can be quicker and cost less than going to court where a judge determines the outcome,
promotes creative solutions specific to your family’s needs, and
considers challenges conflict partners face and works to find solutions everyone can live with.
Mediation is a way for people who disagree to discuss their problems with the help of a third party who will not take sides. The participants, and not the mediator, make the decisions about workable outcomes to their dispute. The mediator assists the parents by helping define the issues, clarify difficult communications, and helps the parties develop possible alternatives or solutions. Mediation...
Each participant will meet with the mediator for one hour to define the issues, and then both parties together will meet with the mediator for a two-hour session to address their concerns. Additional sessions may be scheduled as needed to create a final or complete agreement.
During mediation, the mediator guides communication and ensures everyone is heard. Issues are discussed one at a time, solutions explored, and negotiated. The mediator controls the process, but the parties control the content. At the end of a successful mediation, parties will have a written agreement on how they will go about resolving their issues. Once the Memorandum of Understanding is signed by both parents (and approved by the judge if part of court case) it becomes binding. Parties are encouraged to submit the agreements to their attorneys for review. If the parties do not have attorneys, the mediator will explain how to submit the agreement to the court if required.
The cost of mediation services is determined on an hourly, sliding-fee scale based on household income (this payment schedule stands, regardless of prior court orders to equally share costs.). Annual income is determined by either a recent tax return, pay stub, or your most recent child support worksheet. You must pay for services prior to the start of each session.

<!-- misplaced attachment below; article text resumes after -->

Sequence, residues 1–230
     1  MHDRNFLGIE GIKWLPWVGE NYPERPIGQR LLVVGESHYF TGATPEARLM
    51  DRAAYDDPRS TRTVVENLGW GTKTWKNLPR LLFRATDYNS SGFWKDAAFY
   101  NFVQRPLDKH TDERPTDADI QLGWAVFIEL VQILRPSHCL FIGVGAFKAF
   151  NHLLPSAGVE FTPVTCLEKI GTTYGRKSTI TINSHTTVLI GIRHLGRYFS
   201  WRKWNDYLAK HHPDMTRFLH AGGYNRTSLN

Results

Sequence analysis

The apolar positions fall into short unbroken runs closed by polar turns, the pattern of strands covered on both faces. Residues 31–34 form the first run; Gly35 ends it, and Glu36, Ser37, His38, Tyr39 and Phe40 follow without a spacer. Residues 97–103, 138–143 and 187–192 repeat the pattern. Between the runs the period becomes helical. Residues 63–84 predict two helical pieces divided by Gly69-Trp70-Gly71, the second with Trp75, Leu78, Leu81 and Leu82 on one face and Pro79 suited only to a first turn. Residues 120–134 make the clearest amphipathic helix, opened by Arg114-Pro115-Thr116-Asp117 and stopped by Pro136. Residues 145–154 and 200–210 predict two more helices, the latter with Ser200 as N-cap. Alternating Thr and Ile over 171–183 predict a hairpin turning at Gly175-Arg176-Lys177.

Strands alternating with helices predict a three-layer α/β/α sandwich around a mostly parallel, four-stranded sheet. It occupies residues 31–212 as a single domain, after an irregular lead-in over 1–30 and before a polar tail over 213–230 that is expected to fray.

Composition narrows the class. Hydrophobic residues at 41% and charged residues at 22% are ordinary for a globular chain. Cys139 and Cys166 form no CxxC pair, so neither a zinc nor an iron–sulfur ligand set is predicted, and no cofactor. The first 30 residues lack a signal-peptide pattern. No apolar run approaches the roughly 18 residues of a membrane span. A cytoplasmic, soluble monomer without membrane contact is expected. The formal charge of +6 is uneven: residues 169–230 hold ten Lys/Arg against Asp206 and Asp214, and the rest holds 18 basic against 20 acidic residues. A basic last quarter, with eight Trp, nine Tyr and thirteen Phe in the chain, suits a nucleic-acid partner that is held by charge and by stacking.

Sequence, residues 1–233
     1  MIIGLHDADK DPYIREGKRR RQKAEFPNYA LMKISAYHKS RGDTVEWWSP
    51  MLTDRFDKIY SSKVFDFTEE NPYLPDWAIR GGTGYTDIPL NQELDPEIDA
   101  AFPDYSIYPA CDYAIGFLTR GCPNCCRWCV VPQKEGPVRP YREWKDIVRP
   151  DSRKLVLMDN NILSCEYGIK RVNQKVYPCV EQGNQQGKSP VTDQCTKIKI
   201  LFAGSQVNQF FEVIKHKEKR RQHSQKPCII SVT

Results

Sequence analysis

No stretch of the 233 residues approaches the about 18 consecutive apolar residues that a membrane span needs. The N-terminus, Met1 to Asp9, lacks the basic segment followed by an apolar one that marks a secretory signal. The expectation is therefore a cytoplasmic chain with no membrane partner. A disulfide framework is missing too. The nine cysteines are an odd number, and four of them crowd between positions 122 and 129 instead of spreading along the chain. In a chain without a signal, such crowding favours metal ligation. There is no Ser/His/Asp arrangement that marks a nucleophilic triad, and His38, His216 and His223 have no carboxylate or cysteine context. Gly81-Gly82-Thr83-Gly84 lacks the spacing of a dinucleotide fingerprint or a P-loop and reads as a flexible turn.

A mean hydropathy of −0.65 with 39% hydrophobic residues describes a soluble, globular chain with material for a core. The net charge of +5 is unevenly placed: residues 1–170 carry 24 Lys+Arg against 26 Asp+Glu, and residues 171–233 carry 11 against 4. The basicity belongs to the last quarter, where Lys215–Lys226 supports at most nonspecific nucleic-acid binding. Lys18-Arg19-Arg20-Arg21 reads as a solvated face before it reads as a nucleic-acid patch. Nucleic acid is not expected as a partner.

Conflict coaching is a second-generation alternative dispute resolution (ADR) approach that is moving toward maturity. It is close to 25 years old and its practice has intensified. Although conflict coaching started as an offshoot of mediation, it has emerged as an intervention in its own right – some refer to it as “ADR for One.” The development and application of conflict coaching has taken place with interdisciplinary contributions, which most notably include works from scholars and practitioners in the conflict resolution and executive coaching communities. Conflict coaching is not only a fallback option when one or more parties opt out of the mediation process, it is now commonly regarded as a full-fledged first option for an individual facing conflict in various forms and stages. Conflict coaching may be used proactively in advance of conflict interaction (on the verge of conflict), concurrent to conflict interaction (in conflict), and/or retrospectively to make sense of and learn from conflict interaction (out of conflict). It can also be used in connection with other alternative dispute resolution processes. Finally, conflict coaching offers the possibility of more broadly assessing and developing an individual’s conflict understanding, strategies, and skills apart from involvement in a particular conflict (empowers and increases individual competencies).
Conciliation is a non-confidential process in which a neutral person (the conciliator) assists parties in conflict by improving communication; reconciling differences; helping the parties develop solutions to a dispute, complaint or conflict; and by making reports, and if ordered by the court, recommendations. Judges or attorneys can elect to refer a case to conciliation if they believe the case has domestic violence concerns, has returned to court multiple times, where there are diminished capacity concerns, or where the parties or their attorneys have a reluctant to mediate. If an agreement is reached in conciliation, it will be considered a mediated agreement and subject to the confidentiality provisions of state statute K.S.A. 5-512. If an agreement is not reached, the conciliator may make suggestions about what other resources might be beneficial to the parties (and their children if applicable). The parties are to understand that conciliators do not have a confidential relationship with all parties at the end of an unsuccessful negotiation. Conciliators do not act as attorneys and will not, under any circumstances, give legal advice to either party. Participants may choose to seek the advice of independent legal counsel at any time during the process.